Standard 3: Healthcare Associated Infection

3. Healthcare-Associated Infection

Leaders of a health service organisation describe, implement and monitor systems to prevent, manage or control healthcare-associated infections and antimicrobial resistance, to reduce harm and achieve good health outcomes for patients. The workforce uses these systems.

Intention of this standard

The Preventing and Controlling Healthcare-Associated Infection Standard aims to improve infection prevention and control measures to help prevent infections, and the spread of antimicrobial resistance through the appropriate prescribing and use of antimicrobials.

Criteria

Clinical governance and quality improvement to prevent and control healthcare-associated infections

Systems are in place to support and promote prevention and control of healthcare-associated infections, and improve antimicrobial stewardship.

Infection prevention and control systems

Evidence-based systems are used to prevent and control healthcare-associated infections.
Action 3.5 Action 3.6 Action 3.7
Action 3.8
Action 3.9
Action 3.11 Action 3.12

Reprocessing of reusable medical devices

Reprocessing of reusable equipment, instruments and devices is consistent with relevant current national standards, and meets current best practice.

Antimicrobial stewardship

The health service organisation implements systems for the safe and appropriate prescribing and use of antimicrobials as part of an antimicrobial stewardship program.
Action 3.15 Action 3.16

Background to this standard

Many healthcare-associated infections are thought to be preventable. Australian and overseas studies have demonstrated mechanisms to reduce the rate of infections associated with health care. Infection prevention and control practice aims to minimise the risk of transmission by identifying and isolating patients harbouring infectious agents and resistant organisms. However, just as there is no single cause of infection, there is no single solution to preventing infections. Successful infection prevention and control practice requires a variety of strategies across the healthcare system.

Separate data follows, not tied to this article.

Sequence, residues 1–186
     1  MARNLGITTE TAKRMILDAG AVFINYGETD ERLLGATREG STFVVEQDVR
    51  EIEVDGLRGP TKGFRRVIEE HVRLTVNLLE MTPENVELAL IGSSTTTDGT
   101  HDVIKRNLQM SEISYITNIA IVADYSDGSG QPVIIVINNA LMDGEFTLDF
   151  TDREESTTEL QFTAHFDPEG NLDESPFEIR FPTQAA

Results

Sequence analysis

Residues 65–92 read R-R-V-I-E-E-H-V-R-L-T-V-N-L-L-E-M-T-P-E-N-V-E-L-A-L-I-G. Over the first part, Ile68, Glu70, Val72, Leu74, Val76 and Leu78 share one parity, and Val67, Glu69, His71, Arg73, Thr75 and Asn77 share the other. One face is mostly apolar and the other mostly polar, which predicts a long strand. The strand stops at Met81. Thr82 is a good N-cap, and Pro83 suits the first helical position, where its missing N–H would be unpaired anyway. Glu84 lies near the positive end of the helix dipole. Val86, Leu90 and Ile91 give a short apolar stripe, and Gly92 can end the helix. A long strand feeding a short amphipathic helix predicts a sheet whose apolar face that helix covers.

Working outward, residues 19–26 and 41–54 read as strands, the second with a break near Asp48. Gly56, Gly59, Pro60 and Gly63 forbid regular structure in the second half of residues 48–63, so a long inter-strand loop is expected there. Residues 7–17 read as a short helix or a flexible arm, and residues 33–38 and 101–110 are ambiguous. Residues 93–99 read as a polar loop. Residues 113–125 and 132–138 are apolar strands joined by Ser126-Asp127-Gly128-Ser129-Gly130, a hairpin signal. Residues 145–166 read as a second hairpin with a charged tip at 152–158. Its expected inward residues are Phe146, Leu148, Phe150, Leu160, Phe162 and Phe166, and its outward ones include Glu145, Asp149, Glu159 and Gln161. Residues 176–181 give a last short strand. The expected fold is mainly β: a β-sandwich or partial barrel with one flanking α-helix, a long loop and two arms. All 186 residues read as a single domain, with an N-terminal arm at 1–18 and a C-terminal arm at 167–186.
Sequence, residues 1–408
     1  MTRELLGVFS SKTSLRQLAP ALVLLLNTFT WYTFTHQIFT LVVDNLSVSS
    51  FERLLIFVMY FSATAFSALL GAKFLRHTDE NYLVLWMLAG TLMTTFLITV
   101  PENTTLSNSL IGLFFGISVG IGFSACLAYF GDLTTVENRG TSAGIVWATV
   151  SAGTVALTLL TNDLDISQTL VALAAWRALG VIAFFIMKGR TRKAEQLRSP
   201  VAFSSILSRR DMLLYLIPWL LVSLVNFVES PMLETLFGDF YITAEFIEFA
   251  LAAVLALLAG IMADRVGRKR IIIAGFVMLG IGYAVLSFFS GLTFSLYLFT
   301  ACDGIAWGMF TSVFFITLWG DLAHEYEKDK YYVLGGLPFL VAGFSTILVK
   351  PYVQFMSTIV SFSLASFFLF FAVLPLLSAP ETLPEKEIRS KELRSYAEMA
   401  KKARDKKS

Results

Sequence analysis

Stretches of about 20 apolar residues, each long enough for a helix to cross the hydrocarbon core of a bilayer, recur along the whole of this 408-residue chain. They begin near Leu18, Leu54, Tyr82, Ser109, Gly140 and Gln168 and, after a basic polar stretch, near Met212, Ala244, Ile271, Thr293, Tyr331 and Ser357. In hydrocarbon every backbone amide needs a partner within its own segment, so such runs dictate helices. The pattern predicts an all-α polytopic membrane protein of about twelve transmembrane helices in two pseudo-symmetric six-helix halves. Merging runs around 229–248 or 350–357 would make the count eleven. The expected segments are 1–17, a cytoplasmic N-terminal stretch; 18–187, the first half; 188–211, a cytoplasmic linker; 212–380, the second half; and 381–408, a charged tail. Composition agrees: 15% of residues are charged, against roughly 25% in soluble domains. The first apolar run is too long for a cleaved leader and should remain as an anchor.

The Preventing and Controlling Healthcare-Associated Infection Standard has been developed in line with the recommendations and evidence in the Australian Guidelines for the Prevention and Control of Infection in Healthcare.1 This standard aims to prevent patients from acquiring preventable healthcare-associated infections, and to effectively manage these infections when they occur by using evidence-based strategies. It should be applied in conjunction with the Clinical Governance Standard, the Partnering with Consumers Standard and the Medication Safety Standard.

Although infection prevention and control programs have essential elements that must be considered, it is expected that programs will be tailored to reflect the local context and risk. Key tasks will be tailored to reflect the complexity of services offered and the risks associated with delivery of services in the organisation. Regardless of the size or type of the health service organisation, successful implementation of this standard depends on clinicians and executive leaders working together within a strong governance framework.

Last updated 30th May, 2018 at 08:58pm
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References

National Health and Medical Research Council. Australian guidelines for the prevention and control of infection in healthcare. Canberra: NHMRC; 2010 (accessed Sep 2017).